But like any other growing city, San Francisco was slammed with a wave of redevelopment, which took a large toll on the city's residents.
'The Last Black Man in San Francisco' was a clear favorite at the recent 2019 Sundance Film Festival. But the movie draws more from the growing reality of Black people being displaced from a city that was once known for its tolerance. It follows the story of a young African American man named Jimmie who tries to reclaim his childhood home, a Victorian house in the Fillmore District, which was built by his grandfather. The film was heavily influenced by lead actor Jimmie Fails's own story.
I sat down with Joe Talbot and Jimmie Fails, the director and star of the spirited new indie THE LAST BLACK MAN IN SAN FRANCISCO, two guys who share my deep-seated contempt for buildings that look like shelving: https://t.co/5aIF7uhl2O— Charles Bramesco (@intothecrevasse) June 10, 2019
'The Last Black Man in San Francisco' isn't just a devastating drama about Bay Area gentrification — it's one of the best movies of 2019, period. Our review https://t.co/haHM4f78d2 pic.twitter.com/1ruQH6WznX— Rolling Stone (@RollingStone) June 6, 2019
But the film highlights a stark reality that many low-income African-American communities are currently facing. San Francisco was reputed for its tolerance, something that drew a lot of Black families to migrate to the Golden Gate city. However, research revealed that many families were driven out by the rise of living costs as well as redevelopment. As per a report by the Urban Displacement Project at the University of California, San Francisco shed close to 3,000 low-income Black households.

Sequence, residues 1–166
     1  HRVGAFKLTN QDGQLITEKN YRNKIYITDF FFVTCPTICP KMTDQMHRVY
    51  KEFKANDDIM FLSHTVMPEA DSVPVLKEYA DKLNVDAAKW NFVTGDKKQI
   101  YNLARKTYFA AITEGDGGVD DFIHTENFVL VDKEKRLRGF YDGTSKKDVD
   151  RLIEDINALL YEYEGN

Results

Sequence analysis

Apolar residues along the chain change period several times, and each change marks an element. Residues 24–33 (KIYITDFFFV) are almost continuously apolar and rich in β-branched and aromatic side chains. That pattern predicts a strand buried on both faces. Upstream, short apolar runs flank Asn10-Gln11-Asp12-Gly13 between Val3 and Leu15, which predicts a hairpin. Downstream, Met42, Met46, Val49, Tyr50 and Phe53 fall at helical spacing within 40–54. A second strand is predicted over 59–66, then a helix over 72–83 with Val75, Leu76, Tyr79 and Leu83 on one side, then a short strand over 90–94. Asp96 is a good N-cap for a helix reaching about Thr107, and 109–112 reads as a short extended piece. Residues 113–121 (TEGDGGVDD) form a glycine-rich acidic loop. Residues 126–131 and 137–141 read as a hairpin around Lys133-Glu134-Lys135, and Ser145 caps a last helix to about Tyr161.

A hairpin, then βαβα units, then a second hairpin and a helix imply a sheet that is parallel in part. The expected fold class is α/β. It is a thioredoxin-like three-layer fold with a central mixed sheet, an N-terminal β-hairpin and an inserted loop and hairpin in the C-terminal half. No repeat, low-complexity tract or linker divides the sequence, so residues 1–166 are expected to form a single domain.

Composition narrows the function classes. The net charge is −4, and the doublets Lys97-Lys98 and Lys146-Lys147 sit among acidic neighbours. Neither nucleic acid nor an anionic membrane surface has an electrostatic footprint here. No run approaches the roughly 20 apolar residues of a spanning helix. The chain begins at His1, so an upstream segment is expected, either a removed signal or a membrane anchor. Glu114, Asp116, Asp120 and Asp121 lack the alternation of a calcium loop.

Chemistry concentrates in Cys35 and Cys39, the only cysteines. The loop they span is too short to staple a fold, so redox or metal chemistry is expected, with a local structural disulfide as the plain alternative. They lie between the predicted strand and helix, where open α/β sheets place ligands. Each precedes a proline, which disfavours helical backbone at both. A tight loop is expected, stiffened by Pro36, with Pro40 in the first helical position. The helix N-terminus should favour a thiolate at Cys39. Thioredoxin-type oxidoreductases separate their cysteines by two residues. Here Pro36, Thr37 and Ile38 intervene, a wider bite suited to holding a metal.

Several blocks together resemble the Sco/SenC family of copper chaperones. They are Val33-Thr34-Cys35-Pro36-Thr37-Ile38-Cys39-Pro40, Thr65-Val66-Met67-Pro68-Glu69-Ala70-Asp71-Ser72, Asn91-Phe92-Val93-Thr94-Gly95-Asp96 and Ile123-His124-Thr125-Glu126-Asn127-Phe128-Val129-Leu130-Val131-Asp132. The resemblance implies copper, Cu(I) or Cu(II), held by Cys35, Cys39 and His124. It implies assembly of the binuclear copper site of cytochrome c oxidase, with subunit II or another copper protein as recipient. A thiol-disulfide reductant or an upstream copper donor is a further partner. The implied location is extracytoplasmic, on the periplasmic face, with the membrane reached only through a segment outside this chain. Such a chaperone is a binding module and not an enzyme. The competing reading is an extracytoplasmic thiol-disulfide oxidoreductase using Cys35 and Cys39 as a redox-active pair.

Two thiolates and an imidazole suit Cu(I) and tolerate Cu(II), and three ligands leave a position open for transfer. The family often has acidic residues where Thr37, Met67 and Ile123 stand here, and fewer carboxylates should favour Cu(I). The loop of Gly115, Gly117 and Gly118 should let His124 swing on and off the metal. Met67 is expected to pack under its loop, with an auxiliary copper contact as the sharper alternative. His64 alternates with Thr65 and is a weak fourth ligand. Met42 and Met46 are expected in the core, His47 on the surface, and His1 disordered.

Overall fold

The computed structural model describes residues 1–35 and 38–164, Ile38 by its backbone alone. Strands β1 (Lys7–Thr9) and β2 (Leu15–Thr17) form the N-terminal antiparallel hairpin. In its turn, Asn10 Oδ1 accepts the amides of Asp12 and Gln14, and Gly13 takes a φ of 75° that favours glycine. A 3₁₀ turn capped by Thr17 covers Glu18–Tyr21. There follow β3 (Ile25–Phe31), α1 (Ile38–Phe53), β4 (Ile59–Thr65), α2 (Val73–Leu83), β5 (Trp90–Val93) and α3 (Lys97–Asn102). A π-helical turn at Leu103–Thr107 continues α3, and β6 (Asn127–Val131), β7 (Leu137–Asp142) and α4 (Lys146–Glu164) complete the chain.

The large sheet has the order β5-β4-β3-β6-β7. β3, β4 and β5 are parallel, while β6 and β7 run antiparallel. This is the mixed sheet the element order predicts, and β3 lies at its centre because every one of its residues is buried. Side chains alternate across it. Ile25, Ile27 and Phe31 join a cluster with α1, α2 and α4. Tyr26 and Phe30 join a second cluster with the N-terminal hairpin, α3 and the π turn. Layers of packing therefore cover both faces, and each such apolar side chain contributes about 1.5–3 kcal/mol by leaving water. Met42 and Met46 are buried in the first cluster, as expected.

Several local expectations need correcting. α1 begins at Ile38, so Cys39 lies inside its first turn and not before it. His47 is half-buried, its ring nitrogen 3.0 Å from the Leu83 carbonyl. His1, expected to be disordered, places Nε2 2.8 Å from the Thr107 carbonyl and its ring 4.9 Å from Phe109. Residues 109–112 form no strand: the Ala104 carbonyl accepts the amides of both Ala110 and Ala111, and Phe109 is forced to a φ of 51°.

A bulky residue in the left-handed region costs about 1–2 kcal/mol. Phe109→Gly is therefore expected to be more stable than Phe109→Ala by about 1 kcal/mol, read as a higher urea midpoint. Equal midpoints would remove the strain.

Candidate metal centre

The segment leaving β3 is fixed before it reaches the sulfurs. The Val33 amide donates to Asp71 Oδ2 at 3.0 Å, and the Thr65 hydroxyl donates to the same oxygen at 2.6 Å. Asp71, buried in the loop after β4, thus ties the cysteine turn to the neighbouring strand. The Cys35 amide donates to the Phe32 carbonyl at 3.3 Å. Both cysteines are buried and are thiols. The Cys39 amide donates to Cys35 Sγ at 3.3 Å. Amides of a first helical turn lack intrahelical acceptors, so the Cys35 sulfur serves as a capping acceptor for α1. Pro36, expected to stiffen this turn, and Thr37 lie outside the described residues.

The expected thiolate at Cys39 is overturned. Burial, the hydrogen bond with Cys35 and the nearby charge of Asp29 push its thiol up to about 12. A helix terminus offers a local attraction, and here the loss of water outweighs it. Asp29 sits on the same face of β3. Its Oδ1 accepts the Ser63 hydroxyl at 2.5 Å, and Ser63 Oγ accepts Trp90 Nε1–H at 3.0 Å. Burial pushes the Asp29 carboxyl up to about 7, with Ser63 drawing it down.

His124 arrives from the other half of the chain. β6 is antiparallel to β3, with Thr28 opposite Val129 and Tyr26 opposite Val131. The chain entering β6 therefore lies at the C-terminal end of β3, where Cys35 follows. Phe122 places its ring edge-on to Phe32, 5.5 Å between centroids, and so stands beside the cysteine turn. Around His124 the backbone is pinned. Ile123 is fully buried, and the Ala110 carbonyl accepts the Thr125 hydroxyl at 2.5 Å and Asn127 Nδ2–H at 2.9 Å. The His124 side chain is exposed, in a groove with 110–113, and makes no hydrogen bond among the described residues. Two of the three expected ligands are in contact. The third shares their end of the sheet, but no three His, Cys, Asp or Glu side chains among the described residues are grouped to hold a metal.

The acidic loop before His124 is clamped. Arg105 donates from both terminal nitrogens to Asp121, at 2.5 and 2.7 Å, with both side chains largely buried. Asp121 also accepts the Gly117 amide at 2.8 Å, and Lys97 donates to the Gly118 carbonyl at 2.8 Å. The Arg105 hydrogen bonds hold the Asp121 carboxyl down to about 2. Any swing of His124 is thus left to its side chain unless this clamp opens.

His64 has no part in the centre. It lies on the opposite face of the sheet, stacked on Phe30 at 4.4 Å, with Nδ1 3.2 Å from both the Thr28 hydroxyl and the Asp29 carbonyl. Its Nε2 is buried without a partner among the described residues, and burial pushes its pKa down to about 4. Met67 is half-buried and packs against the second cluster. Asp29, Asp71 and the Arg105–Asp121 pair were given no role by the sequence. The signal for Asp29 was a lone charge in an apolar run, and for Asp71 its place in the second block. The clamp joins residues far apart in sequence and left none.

The astonishing “Last Black Man in San Francisco” is the haunting, elegiac story of a young man trying to hold onto a sense of home in San Francisco. A New York Times Critic's Pick. https://t.co/Dkr3qwNt1w— New York Times Arts (@nytimesarts) June 6, 2019
#EstrenosUSA salas 7/6— 99 / Cines (@99cines) June 10, 2019
🇺🇸THE SECRET LIFE OF PETS 2
🇺🇸THE LAST BLACK MAN IN SAN FRANCISCO
🇺🇸THIS ONE'S FOR THE LADIES
🇨🇦LA CHUTE DE L'EMPIRE AMÉRICAIN
🇰🇷THE GANGSTER, THE COP, THE DEVIL
🇨🇳CHUI LUNG II
San Fransisco grew to be known as the 'Harlem of the West' after African Americans were drawn to the city's tolerance and freedom. Soon, San Francisco started to flourish all thanks to a growing African-American community.
Joe Talbot and Jimmie Fails' THE LAST BLACK MAN IN SAN FRANCISCO reminded me a lot of Aki Kaurismäki in its visual beauty, its wry comic humanism and its ability to view the world both as it is and as it could be. My review of this lovely, haunting movie: https://t.co/fZGCtoWUAT— Justin Chang (@JustinCChang) June 7, 2019
But like any other growing city, San Francisco was slammed with a wave of redevelopment which took a large toll on the city's residents. With the rise in SanFran-based companies that have gone public this year, the truthful fear is that millennial millionaires will soon make up a larger portion of the city's disappearing working class population.
"It’s often like you’re the last black man in the restaurant, the last black man in the barber shop." Star of film about San Francisco’s diminishing African American population talks about life in the city he grew up in. https://t.co/exjWT7I9KP— The Associated Press (@AP) June 9, 2019
'The Last Black Man in San Francisco' is a beautiful story of lost heritage, a growing disappearance of a prominent black community, and the heartbreak of wanting something that was yours, but can never be reclaimed easily.